Two great songs from the DPRK's most romantic film for the Dragon Boat Festival.
This blog post was originally published for Dano Festival in 2017.
Today is the traditional Korean Dano holiday (단오명절), which falls each year on the fifth day of the fifth month on the Lunar calendar. The holiday marks the transition from spring to summer, at which point rice transplanting, a laborious task, is finished. Thus, Dano was a well-earned break for the common people and folk festivals were held: masked dancing, folk games, wrestling, swinging, drumming, song and dance. To this day people eat wormwood rice cakes and lettuce in order to feel cool and refreshed. In China the festival is known as the Dragon Boat Festival (端午节) and has its own set of customs and festivities.
The events in the The Tale of Chun Hyang (춘향전) begin around the Dano festival. The Tale of Chun Hyang is one of the most famous and popular Korean stories and has been passed down in song and written form since at least the 17th century. It takes place in the town of Namwon (남원), today in South Korea’s North Cholla province, and tells the story the romance between the Chun Hyang (춘향), a virtuous and chaste beauty of humble background, and aristocrat Ri Myong Ryong (리명룡), a bookish and righteous scholar-magistrate of the kind found in medieval Korea.
The world of the two lovers comes under threat when Ri is called away to the capital Seoul and a ravenous local official tries to make Chun Hyang his concubine. Chun Hyang, ever faithful to her Myong Ryong, resists these advances and is thrown into prison as punishment, enduring beatings and humiliation. Her beloved finally returns as a government censor to punish the corrupt official.
The introduction to a DPRK published English-version of Tale of Chun Hyang (1991, Foreign Languages Publishing House) states: “The tale criticizes the social discrimination that existed in feudal times and upholds the freedom for people to love and marry despite differences in property and social status.” The story can also be viewed as a critique against corruptions and example of behavior for upright men and women. At its core it is a beautiful love story.
In the modern era, both North and South Korea have made multiple film adaptations of the story. Wikipedia says there are at least twelve.
Love, Love, My Love (사랑 사랑 내 사랑, 1985) is the North Korean musical film adaptation of the tale and opens with a scene of the Dano festivities at Kwanghan Pavilion (광한루) in Namwon attended by a mass of commoners. A quick cut takes us to the relative quiet of aristocratic household, where scholar Ri, book in hand, emerges from his study. Obviously drawn by the festive atmosphere, he is torn between learning and what the fine day might bring outside. His loyal valet, Pang Ja (방자), ascending a tree in the yard, breaks out into song, telling of the world outside the gates. They then set off, singing of the gentle spring breeze, the festive atmosphere, the beauty of the scenery, and beauty of the women.
Everything I can see in front of my eyes is fresh and new! Today, you, Pang Ja, and me, will have a try at wrestling.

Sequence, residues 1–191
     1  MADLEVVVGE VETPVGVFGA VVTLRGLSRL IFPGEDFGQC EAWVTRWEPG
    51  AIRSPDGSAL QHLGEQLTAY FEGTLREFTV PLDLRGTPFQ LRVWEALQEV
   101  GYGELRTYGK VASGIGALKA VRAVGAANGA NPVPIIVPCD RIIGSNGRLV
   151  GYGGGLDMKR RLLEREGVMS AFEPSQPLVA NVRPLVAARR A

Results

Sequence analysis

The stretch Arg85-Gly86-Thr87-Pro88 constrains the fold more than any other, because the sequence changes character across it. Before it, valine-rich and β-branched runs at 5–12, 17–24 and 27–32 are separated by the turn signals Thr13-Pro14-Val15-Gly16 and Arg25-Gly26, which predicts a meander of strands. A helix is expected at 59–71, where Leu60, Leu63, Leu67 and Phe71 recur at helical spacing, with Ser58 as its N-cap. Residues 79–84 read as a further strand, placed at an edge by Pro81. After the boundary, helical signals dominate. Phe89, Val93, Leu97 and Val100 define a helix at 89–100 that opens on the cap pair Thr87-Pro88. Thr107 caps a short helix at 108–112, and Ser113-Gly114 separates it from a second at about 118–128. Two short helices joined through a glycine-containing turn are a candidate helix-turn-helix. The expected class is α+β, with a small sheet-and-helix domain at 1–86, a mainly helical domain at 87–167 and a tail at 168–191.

Our gentle hero, obviously doesn’t get out much and will he be glad he chose this Dano festival to attend!
Meanwhile, the humble Chun Hyang, pays respect to her deceased father at a small monument with her maid, Hyang Dan (향단). The passing gaggle of Myong Ryong and Pang Ja, no longer in song but nonetheless boisterous, scares the women. The women flee and Chun Hyang loses a shoe, setting the stage for their first brief meeting, where Ri notices the lost shoe and returns it to its owner, like to a kind of Korean Cinderella. Embarrassed (she is so modest!), Chun Hyang flees before a formal introduction can be properly made.
Later that day Myong Ryong spies from atop Kwanghan Pavilion the very same shy woman swinging, a traditional Korean activity for women, and Pang Ja sings her praises. Twice bitten, the man is now smitten and his faithful Pang Ja, with the help of Hyang Dan (there is a secondary love story here between the two servants), arrange a meeting with Chun Hyang and her mother, the traditional start of any true love story.
The next great song occurs before Ri goes up to Seoul, in Korea one always ‘goes up’ to the capital, and the lovers must part. Myong Ryong is studying as usual, while Chun Hyang sews in the background, but now deep in love and faced with separation, he cannot concentrate, and proposes the two pitch riddles to each other. He criticizes her choice as being too country-like (a common dis in both Koreas) and to avoid a fight, he proposes a dance. What follows is one of the most romantic (and abstract) scenes in North Korean film cinema.
Love, love, my love, thou are like a flower, prettier than a flower, oh my love
The Dano festival, that spring day, like in I dream, I met you, my love…
Love, love, my love, Shall I catch this departing spring? Without you, I cannot live, oh my love Should a thousand years pass, you are mine Should ten-thousand years pass, you’ll be mine...
And with that, we wish you a happy Dano festival and all the best in your own romance. May it be as eternal as Chun Hyang and Myong Ryong and without the interference from the petty officialdom of feudal society.
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